Celebrating Women’s Day with Fine Art: How Women are Driving the Art Market and Building Their Wealth

This International Women’s Day we celebrate the women that are transforming the art scene. 

From artists, to collectors, to investors, women are setting the pace in the art world. 

Learn more about the rise of women in art and how they are driving the industry forward.

In honor of their many contributions to society, both past and present, people all across the world commemorate women on March 8th with International Women’s Day. 

It’s an opportunity to reflect on women’s achievements. While bringing attention to the obstacles they still face. 

As International Women’s Day draws near, it’s important to honor the groundbreaking contributions of women in the art world, in all its forms.

Women’s Role in the Art Market

In 2018, female artists were responsible for 2% of art sold. Despite the market for women made art doubling in the last decade, buyers are still reluctant to make high-end purchases. Women, however, are still gaining ground in the sector. 

Collectives like Art Girl Army and Guerrilla Girls empower female artists with creative activism. Galleries, museums, and art institutes are being led by more women than ever. Both of which work to chip away at the current conservative art world. 

The Rise of Female Artists

Female led and created art is finally reaching a wider audience. With artists like Yayoi Kusama, Jenny Saville, and Kara Walker changing the market.

Kusama is the highest-selling living female artist. Her painting “White No.28 of 1960” sold for $7.1 million in 2021. Saville’s Propped made history in 2019 when auctioned by Sotheby’s London for $12.5 million. With Walker’s Negress Notes selling at Sotheby’s New York in 2022 for $529, 200. A record price for the artist.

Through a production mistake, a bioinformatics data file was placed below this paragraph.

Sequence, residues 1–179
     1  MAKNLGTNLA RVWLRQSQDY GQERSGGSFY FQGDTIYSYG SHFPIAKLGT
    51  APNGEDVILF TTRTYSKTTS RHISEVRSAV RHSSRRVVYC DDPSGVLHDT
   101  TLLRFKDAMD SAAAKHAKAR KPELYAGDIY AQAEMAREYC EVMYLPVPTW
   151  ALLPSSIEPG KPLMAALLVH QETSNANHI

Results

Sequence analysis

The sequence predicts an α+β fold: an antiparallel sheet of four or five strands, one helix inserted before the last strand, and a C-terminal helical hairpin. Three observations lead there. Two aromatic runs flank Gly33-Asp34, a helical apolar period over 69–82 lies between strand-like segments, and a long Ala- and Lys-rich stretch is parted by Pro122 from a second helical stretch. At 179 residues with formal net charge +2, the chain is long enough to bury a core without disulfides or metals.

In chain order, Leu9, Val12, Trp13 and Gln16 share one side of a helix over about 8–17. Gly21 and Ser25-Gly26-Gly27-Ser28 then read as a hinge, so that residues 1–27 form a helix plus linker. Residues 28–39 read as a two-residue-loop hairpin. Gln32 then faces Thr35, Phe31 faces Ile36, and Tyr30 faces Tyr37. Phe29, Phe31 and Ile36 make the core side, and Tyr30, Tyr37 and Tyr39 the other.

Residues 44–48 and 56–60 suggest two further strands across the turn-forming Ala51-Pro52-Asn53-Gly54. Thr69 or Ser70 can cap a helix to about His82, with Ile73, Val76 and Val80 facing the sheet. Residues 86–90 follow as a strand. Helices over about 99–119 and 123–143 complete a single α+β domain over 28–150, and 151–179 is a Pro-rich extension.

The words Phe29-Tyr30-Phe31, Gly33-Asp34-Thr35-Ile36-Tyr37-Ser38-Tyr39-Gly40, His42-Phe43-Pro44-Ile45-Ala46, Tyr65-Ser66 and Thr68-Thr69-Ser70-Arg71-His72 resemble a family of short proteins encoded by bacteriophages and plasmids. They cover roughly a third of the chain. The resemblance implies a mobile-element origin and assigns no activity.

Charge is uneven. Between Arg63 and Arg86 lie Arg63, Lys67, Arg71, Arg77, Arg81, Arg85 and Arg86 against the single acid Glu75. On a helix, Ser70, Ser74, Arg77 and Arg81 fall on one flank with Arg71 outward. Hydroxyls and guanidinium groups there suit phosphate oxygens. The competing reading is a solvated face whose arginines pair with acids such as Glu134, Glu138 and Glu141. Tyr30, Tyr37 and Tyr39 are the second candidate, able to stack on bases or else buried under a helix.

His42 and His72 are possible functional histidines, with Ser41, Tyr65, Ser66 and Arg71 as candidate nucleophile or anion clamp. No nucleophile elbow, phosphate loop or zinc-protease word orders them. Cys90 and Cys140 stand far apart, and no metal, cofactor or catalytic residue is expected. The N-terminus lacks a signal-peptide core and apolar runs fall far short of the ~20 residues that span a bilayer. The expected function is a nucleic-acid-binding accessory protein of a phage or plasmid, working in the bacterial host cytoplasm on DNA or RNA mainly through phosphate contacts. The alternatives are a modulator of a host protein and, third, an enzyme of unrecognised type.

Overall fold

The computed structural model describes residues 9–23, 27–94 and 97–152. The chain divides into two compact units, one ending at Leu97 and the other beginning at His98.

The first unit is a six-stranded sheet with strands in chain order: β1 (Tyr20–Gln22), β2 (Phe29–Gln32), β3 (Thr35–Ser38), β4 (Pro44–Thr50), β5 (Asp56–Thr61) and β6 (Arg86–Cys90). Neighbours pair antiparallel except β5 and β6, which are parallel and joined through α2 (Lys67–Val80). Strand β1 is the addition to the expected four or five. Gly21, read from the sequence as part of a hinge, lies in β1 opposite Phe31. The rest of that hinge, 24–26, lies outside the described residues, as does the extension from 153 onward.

Through their creativity and command of space, they show women are important in the art industry, deserve acknowledgment, and a place at the table.

Women Building Their Wealth through Art

Women are now investing in art to build their wealth, opening the art collecting field. Just 30 or 40 years ago, women relied on their husbands, or inherited wealth, in order to invest in art. Today’s women, and their independent sources of income, are shaping the market

Art collectors like Agnes Gund and Elaine Wynn have been making waves in the industry, with highly sought after collections. Creating a shift in what and whose art is worthy of collection. 

The advantages of investing in art for women include diversification of their portfolio and the ability to support female artists.

Art as a Medium for Feminist Expression

Women have used art to communicate their feminist beliefs throughout history. 

Feminist art originated as political activity in the 1960s and 1970s, with Judy Chicago and Yoko Ono challenging gender stereotypes with their paintings. 

Today, Mickalene Thomas continues this tradition by challenging race, gender, and sexuality in her large-scale paintings. 

As we celebrate Women’s Day, we acknowledge and honor women’s contributions in art. 

They drive the art industry, express their beliefs, and invest in worthy art. They support and promote female artists, collectives, and projects.

By celebrating women, we build a diverse and inclusive industry that recognizes everyone’s contributions.

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